Melodies, rhythms, sounds, and harmonies want to be
   pursued and heard with attention. They have been
   created to carry the listener away from his normal
   surroundings into the world of a particular piece of
   music with its own temporal rules and laws which he
   does not and need not understand. All this may be
   perceived not only contemplatively, of course; music has
   much to offer if we want to understand. But normally,
   music listening does not involve the need to understand
   meaning. Music has a purely sensual attraction so that
   we forget all considerations of purpose for a short while
   in order to just listen and yield to the music and its own
   laws. (4)

Berger points out that we should look for features of partial autonomy in all music, features that give the music an artistic character. The central prerequisite for music's acquisition of an artistic character was the emergence of composition as a process of music-making distinct from performance. "A composer, not being forced to make music in real time, can afford to experiment, to try things out, to risk making mistakes, to an incomparably greater degree than even the most skillful performer and thus can make music whose artistic character is potentially much greater." (5) Berger holds that the separation of composition from performance and the survival of the products of composition as written texts independent of performances are the two defining features of art, as opposed to popular music. What modern European musicians found in Greek and Roman ideas about music were two ideas about the nature and aims of music: music was the sensuous embodiment of intelligible harmony (harmonia) and was capable of making humans feel various changeable passions (pathos) and thus of forming a person's enduring character (ethos). "European art music experienced its first paradigm shift. [...] The idea of music as capable of stirring passions and forming human character began to be taken seriously." (6)

4. The organization and presentation of sounds in time

Dierkes-Thrun points out that a close reconsideration of the presumed opposition between Richard Strauss's modernist opera Salome and the original aesthetics of its libretto source, Oscar Wilde's 1891 symbolist-decadent drama, shows that despite seemingly divergent styles, they share major formal and thematic characteristics. As Dierkes-Thrun puts it, both respond to the metaphysical crisis of modernity and aim systematically to replace metaphysical purpose and sublime religious experience with physical sensation and secular ecstasy, to corporealize affect, and to glorify amoral modern individualism as embodied by the perverse Salome. Wilde's and Strauss's goal in Salome turned out to be the same: to manufacture secular sublimity by modern aesthetic means. (7) London argues that musical works involve the organization and presentation of sounds in time. The limitations of our ears and brains are fundamental constraints on our experience of the musical medium. If a melody is played slower and slower, at some point it loses its sense of coherence and motion, and becomes a series of isolated tones. Most musical rhythms involve qualitatively different "kinds of time." (8)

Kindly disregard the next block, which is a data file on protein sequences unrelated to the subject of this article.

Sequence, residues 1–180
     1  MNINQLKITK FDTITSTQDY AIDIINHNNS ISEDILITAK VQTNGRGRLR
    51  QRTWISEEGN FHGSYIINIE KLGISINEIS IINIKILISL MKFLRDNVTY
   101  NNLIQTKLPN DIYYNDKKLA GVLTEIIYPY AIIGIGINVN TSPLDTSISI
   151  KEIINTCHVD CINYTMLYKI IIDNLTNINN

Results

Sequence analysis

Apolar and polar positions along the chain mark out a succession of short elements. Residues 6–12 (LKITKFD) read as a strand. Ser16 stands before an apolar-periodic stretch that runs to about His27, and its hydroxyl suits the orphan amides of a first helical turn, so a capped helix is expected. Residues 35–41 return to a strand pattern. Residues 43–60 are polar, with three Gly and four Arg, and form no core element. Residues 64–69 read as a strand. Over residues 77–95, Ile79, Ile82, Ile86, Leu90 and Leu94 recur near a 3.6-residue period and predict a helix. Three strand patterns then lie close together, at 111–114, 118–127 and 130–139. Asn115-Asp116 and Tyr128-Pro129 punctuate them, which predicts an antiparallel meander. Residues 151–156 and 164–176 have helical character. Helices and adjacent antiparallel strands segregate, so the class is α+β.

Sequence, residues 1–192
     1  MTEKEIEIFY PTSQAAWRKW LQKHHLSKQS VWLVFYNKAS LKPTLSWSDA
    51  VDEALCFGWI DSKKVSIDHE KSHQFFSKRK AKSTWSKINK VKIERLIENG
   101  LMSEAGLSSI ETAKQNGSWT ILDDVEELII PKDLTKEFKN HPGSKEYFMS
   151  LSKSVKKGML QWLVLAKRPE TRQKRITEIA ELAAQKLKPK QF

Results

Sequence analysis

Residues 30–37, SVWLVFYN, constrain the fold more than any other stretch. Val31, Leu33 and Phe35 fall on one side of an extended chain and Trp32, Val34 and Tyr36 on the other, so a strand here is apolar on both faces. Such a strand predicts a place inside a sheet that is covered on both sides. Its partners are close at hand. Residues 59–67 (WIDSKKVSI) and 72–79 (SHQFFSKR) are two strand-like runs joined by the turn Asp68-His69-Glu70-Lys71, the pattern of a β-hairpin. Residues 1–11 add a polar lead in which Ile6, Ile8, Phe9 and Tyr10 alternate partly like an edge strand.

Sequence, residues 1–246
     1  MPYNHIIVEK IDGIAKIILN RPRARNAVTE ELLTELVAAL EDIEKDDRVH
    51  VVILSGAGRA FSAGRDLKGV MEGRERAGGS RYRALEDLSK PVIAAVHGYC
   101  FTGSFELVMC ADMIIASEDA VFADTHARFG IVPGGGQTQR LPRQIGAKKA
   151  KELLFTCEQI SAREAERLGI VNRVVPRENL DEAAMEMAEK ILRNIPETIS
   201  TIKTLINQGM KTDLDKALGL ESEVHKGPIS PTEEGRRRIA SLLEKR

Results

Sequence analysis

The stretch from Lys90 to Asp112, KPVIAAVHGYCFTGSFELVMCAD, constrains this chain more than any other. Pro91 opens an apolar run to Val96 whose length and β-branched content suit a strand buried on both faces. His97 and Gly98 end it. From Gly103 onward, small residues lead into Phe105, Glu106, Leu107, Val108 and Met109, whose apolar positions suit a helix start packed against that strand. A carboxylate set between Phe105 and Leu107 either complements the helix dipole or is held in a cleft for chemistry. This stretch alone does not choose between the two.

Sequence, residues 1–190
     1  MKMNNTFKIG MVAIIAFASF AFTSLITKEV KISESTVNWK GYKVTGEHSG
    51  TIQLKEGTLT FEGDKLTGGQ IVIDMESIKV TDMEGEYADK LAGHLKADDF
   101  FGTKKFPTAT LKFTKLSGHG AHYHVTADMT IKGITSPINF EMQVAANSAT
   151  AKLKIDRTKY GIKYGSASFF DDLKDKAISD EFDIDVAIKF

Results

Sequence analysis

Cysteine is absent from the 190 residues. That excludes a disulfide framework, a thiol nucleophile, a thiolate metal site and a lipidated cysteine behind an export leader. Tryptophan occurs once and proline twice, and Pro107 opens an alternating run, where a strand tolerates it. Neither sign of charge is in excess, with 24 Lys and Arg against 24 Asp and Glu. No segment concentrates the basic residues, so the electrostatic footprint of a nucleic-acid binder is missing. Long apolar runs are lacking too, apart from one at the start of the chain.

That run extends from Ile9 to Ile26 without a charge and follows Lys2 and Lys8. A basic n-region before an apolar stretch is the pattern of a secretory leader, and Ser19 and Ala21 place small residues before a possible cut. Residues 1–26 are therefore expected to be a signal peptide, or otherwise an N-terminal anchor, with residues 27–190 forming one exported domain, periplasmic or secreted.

5. Conclusion

Donelan interprets individual works through historical, social, or biographical materials rather than to understand or create something outside them. On London's reading, aesthetically relevant properties of a musical artwork are tied to our first order experience of its primary medium. The aesthetic success of a work cannot depend upon our experience of work's rhythmic structures if they involve distinctions or configurations which we cannot perceive. The music of high modernism becomes conceptual art (scores to be seen but not necessarily heard). Hyper-complex musical forms are challenges to the listener (or performer) and to the very notion of what constitutes the musical artwork itself.


(1.) Cascone, K. (2000), "The Aesthetics of Failure: 'Post-Digital' Tendencies in Contemporary Computer Music", Computer Music Journal 24(4): 12-18.

(2.) Donelan, J.H. (2008), Poetry and the Romantic Musical Aesthetic. New York: Cambridge University Press, xiv.

(3.) Regev, M. (2007), "Ethno-National Pop-Rock Music Aesthetic Cosmopolitanism Made from Within", Cultural Sociology 1(3): 317-341.

(4.) von Appen, R. (2007), "On the Aesthetics of Popular Music", Music Therapy Today VIII(1): 11.

(5.) Berger, K. (2002), A Theory of Art. New York: Oxford University Press, 116.

(6.) Ibid., 122.

(7.) Dierkes-Thrun, P. (2008), "'The Brutal Music and the Delicate

Text'? The Aesthetic Relationship between Wilde's and Strauss's Salome Reconsidered", Modern Language Quarterly 69(3): 367-389.

(8.) London, J. (2007), "Temporal Complexity in Modern and PostModern Music", lecture given at the International Orpheus Academy for Music & Theory, April. [C] Ion Olteteanu


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Author:Olteteanu, Ion
Publication:Analysis and Metaphysics
Article Type:Report
Geographic Code:1USA
Date:Jan 1, 2009